The goal of a veterinary endoscopy procedure is to pinpoint the underlying cause of symptoms, such as vomiting, diarrhea, weight loss, abdominal pain or swelling, or loss of appetite in pets. Today, our Boulder and Westminster vets explain more about this valuable diagnostic test.

The Endoscope

An endoscope is a flexible tube with a viewing port and/or a video camera attachment that is inserted through the mouth into the stomach or the rectum into the colon. The endoscope allows for the examination of the insides of these hollow organs.

An endoscopy will aid in the diagnosis of strictures, abnormal cells, or tumors, as well as the removal of any foreign objects that may be present.

Why Endoscopies are Important

Endoscopies for pets are important because they allow veterinarians to visually examine the inside of the gastrointestinal tract and other organs without invasive surgery. This can help diagnose issues such as tumors, foreign objects, or inflammation that may not be visible on traditional X-rays or ultrasounds.

The Endoscopy Procedure for Pets

Before a gastrointestinal endoscopy, your pet will need to be free of all foods and feces. Depending on the internal location of the endoscope inspection, your pet will need to fast for 12 to 18 hours to clear its system. Before the procedure, at least one enema may be required.

Because an endoscopy allows for a thorough examination of the esophagus, stomach, intestinal tract, and/or colon, your pet will be sedated throughout the procedure. The endoscope will be inserted through the mouth or the rectum into your pet's stomach or intestinal tract and advanced to visualize the required area.

If a biopsy or foreign body removal is required, an additional device can be passed through the endoscope to perform other procedures as needed.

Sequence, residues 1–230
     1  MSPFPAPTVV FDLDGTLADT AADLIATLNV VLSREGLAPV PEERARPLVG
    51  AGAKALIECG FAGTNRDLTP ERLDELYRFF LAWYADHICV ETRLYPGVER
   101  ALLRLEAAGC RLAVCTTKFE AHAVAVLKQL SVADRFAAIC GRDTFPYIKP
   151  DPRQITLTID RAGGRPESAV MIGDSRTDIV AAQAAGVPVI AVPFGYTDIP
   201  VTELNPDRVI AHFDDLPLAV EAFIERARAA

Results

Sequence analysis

How long does an endoscopy take?

The duration of an endoscopy for pets can vary depending on the specific procedure being performed and the individual cat or dog’s condition. On average, an endoscopy for pets typically takes between 15 minutes to 1 hour to complete.

Results From Your Pet's Endoscopy Procedure

Because the organs are viewed in real-time, the outcome of what is seen is immediately known. However, the final diagnosis is usually determined by the pathologist's examination of the biopsies. Depending on the circumstances, this could take up to a week.

Conditions Commonly Diagnosed Using Endoscopy

With an endoscope for dogs or cats, your veterinarian can see the esophagus, stomach, and upper part of the small intestine or colon in full color. The examiner can identify abnormalities, such as inflammation, abnormal swelling, scarring, and strictures (abnormal narrowing). Precise biopsy samples can be taken from any abnormal areas. These samples consist of tiny pieces of tissue cut from the organ's lining by the biopsy instrument.

Detecting Cancer In Pets With Endoscopy

In many cases, your veterinarian can use an endoscope to diagnose gastrointestinal cancer. However, some tumors do not affect the stomach or colon mucosa or inner lining. In these cases, the biopsy results are normal, but the pet continues to exhibit clinical signs. Biopsies taken during exploratory surgery (exploratory laparotomy) or non-invasive tests, such as an MRI, may be necessary.

Your Pet's Recovery From The Endoscopy Procedure

Most pets recover quickly and easily after an endoscopy. Your pet should be released shortly following the procedure. Once your pet is awake and responding to treatment, he should be able to return home for rest.

Depending on the purpose of the endoscopy, your pet may be able to resume play and eating almost immediately. If the endoscopy involves a biopsy, the pathology report could take up to a week. If the endoscopy is for discovery, your veterinarian will discuss the next steps and available options with you. If the procedure was to locate and remove a foreign object, you and your pet should be able to return to normal activities immediately after the endoscopy and recovery from anesthesia.

A dog or cat endoscopy may cause temporary discomfort, mild bleeding, or irritation at the procedure site. To reduce the risk of complications, follow your veterinarian's post-procedure care instructions.

The Cost of a Cat or Dog Endoscopy

The cost of a pet endoscopy can vary depending on the veterinarian performing the procedure and any additional services or medications required. It is recommended to contact your veterinary clinic for specific pricing information. 

Note: The advice provided in this post is intended for informational purposes and does not constitute medical advice regarding pets. For an accurate diagnosis of your pet's condition, please make an appointment with your vet.

Does your dog or cat need an endoscopy? Contact Boulder and Northside Emergency Pet Clinics today to learn more about the advanced diagnostic testing available at our Boulder and Westminster emergency hospitals to help pets in urgent situations.